Randolph's Transition Successful

In just a few short months, defensive line coach Paul Randolph has settled comfortably into his slot on the Mountaineer football coaching staff.

There's a lot more than meets the eye in changing any job, especially for a football coach. Moving the family and taking care of a million and one "outside" concerns consumes a great deal of time, and that doesn't begin to take into account the demands of the new job. There's also the daunting task of making a place for yourself on the staff and on the field.

Some head coaches will detail to a new assistant the precise way in which he wants things taught, while others may be less stringent. At WVU, head coach Rich Rodriguez has implemented a team building approach that sits well with his staff.

"When you come in for a head coach like Rich Rodriguez, he allows you to coach your position," Randolph told BlueGoldNews.com. "He makes it easy to teach your techniques."

The term "techniques" covers a lot of ground. It might be something as simple as a defensive lineman's stance or hand position when he comes off the ball. However, the sheer number of them is what gives individual position coaches ther challenges.

At West Virginia, developing those techniques are done in a group environment that allows the coaching staff to share ideas and come up with the best possible methods to implement.

"We sit down as a staff and decide the best techniques to fit our scheme," Randolph said. "We all then go and teach those schemes to our position players, and then put it all together to make the defense."

While some techniques remain the same no matter what defense is being played, Randolph notes that there are some differences depending on what type of defensive front is being played. That, in turn, can lead to some changes being made in the way certain things are taught.

"Last year, WVU was more of an attack front, but this year, we're more of a combination of controlling the line of scrimmage along with an attack front," the enthusiastic Randolph said. "The bottom line, though, is to neutralize the line of scrimmage and win the trenches as fast as you can."

To achieve that goal, Randolph will turn to the stalwart of his defensive line, David Upchurch, who got work at both nose tackle and defensive end during spring practice.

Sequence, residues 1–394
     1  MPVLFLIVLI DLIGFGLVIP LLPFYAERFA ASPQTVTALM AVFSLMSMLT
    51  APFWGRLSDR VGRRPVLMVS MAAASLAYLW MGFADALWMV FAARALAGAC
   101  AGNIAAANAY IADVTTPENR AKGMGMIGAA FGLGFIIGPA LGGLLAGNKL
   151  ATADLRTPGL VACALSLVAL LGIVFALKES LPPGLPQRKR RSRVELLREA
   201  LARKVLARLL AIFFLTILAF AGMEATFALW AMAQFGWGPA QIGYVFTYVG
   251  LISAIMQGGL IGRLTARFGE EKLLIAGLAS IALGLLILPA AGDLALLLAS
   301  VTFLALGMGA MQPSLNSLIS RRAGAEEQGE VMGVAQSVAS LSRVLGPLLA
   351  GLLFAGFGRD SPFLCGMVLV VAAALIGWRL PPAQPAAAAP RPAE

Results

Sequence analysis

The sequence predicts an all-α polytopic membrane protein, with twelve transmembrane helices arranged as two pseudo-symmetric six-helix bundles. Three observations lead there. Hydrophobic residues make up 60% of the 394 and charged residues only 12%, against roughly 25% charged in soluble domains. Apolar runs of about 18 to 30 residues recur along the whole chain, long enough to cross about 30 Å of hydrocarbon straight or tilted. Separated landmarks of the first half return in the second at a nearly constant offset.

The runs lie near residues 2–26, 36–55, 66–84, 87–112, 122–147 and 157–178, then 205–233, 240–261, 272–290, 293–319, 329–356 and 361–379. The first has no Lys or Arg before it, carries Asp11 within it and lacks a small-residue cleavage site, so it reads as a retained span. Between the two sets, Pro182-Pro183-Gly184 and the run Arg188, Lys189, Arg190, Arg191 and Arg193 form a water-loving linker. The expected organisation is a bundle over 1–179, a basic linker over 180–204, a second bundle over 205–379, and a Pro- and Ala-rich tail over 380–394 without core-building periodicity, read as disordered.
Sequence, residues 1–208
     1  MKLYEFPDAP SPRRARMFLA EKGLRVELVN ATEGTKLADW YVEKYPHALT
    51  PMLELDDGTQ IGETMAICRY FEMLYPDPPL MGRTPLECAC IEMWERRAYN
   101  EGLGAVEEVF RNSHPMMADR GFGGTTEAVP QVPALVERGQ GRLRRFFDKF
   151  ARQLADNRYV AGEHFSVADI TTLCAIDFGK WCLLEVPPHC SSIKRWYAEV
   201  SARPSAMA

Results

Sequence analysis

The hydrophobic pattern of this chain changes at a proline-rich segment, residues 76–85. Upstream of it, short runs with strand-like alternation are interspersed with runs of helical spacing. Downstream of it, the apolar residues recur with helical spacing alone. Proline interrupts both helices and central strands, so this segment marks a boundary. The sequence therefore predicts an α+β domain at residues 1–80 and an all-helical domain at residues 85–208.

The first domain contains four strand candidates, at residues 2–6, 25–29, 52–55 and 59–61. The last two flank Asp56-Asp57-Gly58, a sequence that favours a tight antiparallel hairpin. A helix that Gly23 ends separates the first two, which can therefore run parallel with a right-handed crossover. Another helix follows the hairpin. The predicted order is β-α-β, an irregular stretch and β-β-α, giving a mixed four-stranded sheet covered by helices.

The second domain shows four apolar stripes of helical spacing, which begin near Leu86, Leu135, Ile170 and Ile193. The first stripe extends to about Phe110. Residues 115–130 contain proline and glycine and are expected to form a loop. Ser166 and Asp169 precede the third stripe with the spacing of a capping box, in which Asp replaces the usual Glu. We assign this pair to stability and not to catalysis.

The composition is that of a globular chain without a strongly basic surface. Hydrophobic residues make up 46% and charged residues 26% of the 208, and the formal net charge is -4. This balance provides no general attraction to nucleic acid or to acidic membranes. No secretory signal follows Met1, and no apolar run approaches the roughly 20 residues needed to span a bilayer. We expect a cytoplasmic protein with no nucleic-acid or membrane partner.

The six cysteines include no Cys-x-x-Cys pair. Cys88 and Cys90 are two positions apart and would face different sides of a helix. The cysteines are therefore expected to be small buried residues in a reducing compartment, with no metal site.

"I'd like to play David Upchurch all over the place, and I think I'm going to be able to," Randolph analyzed. "Upchurch brings a special quality to the defensive line in that he can play either position. He might be able to help us more on the edge (defensive end) but to run this scheme you have to have an extremely talented nose tackle, and right now he is my best nose tackle. If we can get another nose tackle, that can play and contribute, then that will give us the opportunity to move around. I think he'll end up playing both positions."

The determining factor in Upchurch's playing positioning will likely be in the hands of backup nose guards Ernest Hunter and Kelvin Dubouse. Hunter, who made great strides this spring, could be ready to make a solid contribution this fall. Dubouse, who sat out last year to concentrate on academics, is still working on gaining his eligibility.

Aside from personnel, Randolph said that his biggest surprise has been the work ethic of his players.

"From my first day here [in February], the way the guys have worked has improved every day. The attitude, the mental focus, everything has improved. It has continued through the summer. I'm very pleased with that."

Of course, every team and every coach has similar things to say during the offseason. The proof will be on the field come September, when WVU will face some offensive lines that Randolph is very impressed with.

"Big, strong and powerful", is Randolph's assessment of opposing offensive lines.

"There is some very talented offensive line play in the teams we've looked at so far. I know all the guys are going to have to be ready to play. My belief is that it starts in the trenches, and that's going to be our focus."


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